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Sources tell CyberScoop the Biden administration is readying an executive order to limit U.S. investment in Chinese tech and that has investors nervous. Iranian hackers appear to have hit Albania once again. And CISA is prepared to work on election security with anyone who gets elected. This is CyberScoop for Sept. 12.

Uneasiness over plan to limit Chinese investment

The Biden administration is preparing to issue an executive order that will monitor and possibly restrict American investment in Chinese technology, part of a broader effort to beat back Chinese advances which threaten American hegemony. Experts tracking the administration's effort say the initiative grew from the recent semiconductor chips legislation. Biden officials are now studying how and whether to regulate American investment in Chinese technology companies whose portfolios include semiconductor chips, AI and quantum computing, among others. Venture capitalists and China experts worry that the administration's actions will create "regulatory drag" and stifle investment. Suzanne Smalley has the story.

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Albania says Iranian hackers strike again

Hackers linked to Iran have targeted Albanian systems again, Albanian Prime Minister Edi Rama said over the weekend. The attack comes after a week in which the country cut diplomatic ties with Iran over a series of cyberattacks in July, which brought condemnation from the U.S. and U.K. last week as well. On Friday the U.S. government sanctioned the Iranian Ministry of Intelligence and its top official over the attacks. Iran has denied any role and blames the U.S. government for Albania cutting ties. AJ Vicens reports.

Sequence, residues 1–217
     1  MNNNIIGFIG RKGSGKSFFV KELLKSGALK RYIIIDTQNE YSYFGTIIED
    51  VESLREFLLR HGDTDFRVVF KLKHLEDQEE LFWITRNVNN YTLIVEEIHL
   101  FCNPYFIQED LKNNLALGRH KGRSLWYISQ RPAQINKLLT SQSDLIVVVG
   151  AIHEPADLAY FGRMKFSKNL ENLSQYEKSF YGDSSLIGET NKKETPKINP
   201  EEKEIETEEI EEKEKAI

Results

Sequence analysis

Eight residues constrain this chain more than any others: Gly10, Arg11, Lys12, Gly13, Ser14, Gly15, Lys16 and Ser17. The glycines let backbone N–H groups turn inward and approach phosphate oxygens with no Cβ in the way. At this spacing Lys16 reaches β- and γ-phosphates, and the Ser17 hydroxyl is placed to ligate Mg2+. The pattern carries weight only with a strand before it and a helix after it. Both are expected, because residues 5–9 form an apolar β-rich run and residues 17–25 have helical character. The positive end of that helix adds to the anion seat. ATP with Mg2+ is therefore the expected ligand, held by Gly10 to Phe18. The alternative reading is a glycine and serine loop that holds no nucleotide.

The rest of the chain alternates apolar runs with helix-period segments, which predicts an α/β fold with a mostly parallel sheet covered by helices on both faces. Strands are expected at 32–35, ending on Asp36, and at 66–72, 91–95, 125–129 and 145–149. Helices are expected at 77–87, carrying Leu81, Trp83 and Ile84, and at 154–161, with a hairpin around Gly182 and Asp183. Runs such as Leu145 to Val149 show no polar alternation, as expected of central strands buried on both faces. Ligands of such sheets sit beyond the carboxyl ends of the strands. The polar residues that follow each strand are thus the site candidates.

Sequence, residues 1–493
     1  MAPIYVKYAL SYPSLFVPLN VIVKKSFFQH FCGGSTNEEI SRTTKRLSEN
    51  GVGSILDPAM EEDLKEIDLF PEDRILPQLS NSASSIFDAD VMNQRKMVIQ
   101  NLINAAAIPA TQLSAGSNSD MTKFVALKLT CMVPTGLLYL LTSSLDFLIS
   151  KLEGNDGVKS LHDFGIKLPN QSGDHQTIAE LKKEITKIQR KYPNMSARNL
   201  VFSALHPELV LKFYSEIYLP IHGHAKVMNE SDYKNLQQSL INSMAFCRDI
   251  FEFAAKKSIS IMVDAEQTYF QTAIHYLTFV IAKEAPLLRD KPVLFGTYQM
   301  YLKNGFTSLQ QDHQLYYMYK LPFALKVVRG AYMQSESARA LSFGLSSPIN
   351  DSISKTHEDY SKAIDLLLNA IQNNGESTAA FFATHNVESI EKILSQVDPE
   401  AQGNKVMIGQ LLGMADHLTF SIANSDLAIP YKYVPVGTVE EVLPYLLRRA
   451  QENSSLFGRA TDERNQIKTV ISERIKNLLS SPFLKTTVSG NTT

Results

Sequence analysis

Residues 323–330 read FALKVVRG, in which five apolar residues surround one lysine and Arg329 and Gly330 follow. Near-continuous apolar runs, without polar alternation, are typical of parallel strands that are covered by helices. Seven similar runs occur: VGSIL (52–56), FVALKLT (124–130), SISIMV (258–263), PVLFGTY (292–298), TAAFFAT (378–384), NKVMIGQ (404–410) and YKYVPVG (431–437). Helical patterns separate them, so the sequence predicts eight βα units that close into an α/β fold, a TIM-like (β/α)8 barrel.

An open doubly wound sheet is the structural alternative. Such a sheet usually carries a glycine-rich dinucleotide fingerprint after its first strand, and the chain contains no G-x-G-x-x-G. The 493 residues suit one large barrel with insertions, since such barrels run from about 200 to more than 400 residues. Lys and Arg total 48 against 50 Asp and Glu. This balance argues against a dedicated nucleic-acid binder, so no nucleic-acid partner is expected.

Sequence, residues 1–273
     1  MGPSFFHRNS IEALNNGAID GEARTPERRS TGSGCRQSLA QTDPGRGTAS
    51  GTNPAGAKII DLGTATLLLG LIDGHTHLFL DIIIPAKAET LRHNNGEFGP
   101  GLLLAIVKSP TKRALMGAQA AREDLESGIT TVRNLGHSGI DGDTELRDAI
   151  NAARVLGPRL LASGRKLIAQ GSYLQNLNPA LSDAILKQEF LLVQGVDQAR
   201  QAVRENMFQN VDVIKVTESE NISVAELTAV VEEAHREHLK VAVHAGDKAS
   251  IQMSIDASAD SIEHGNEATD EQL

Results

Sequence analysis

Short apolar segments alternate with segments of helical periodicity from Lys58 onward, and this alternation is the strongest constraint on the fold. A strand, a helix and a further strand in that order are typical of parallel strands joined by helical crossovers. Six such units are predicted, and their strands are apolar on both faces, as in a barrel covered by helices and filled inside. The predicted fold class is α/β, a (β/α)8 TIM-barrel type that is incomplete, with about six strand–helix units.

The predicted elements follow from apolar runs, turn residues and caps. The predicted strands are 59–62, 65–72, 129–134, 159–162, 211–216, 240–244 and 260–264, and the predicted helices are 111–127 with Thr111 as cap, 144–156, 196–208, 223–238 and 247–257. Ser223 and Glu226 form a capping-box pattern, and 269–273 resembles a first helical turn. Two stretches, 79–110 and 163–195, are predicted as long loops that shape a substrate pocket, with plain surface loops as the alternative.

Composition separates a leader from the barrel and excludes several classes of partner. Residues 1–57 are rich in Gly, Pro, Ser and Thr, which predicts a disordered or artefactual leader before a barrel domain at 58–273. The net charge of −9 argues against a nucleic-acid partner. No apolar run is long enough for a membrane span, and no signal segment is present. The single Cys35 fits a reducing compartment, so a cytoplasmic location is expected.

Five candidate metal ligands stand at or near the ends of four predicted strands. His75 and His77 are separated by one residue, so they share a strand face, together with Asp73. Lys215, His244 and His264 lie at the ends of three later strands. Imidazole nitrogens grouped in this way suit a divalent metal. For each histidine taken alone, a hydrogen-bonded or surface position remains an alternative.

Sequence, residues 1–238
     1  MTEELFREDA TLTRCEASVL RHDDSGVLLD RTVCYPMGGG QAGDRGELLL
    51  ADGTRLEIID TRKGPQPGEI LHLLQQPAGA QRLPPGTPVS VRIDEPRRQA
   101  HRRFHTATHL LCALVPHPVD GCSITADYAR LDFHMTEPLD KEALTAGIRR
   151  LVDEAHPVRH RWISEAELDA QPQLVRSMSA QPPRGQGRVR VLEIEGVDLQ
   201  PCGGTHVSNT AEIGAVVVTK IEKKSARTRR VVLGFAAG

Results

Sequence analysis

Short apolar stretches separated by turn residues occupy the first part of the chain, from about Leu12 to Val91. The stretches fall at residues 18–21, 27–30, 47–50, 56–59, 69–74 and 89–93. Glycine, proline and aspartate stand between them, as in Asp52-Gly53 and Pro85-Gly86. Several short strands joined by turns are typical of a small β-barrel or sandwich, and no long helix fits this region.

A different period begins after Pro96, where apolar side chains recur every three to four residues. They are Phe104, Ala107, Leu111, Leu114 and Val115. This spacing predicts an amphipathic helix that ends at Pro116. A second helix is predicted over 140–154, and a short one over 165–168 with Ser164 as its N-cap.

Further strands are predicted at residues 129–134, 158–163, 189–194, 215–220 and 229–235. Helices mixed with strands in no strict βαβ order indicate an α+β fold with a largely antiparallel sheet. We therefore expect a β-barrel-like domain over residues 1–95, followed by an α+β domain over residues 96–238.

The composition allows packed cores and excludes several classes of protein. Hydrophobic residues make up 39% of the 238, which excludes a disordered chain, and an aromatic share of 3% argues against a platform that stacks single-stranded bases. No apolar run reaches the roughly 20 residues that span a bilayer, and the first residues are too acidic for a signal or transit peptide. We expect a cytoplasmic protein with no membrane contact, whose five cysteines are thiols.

CISA will work with 'whoever is elected'

As concerns about insider threats to elections continue, the Cybersecurity and Infrastructure Security Agency’s top election-security adviser said Thursday that the agency is prepared to deal with state and local election officials who’ve associated themselves with conspiracy theories about voting equipment and previous election results. “We’re going to work with whoever is elected,” Kim Wyman told StateScoop during an interview at the Billington Cyber Summit in Washington, D.C. “If someone gets through an election, their voters believed they’re the best candidate.” Benjamin Freed has the story in StateScoop.

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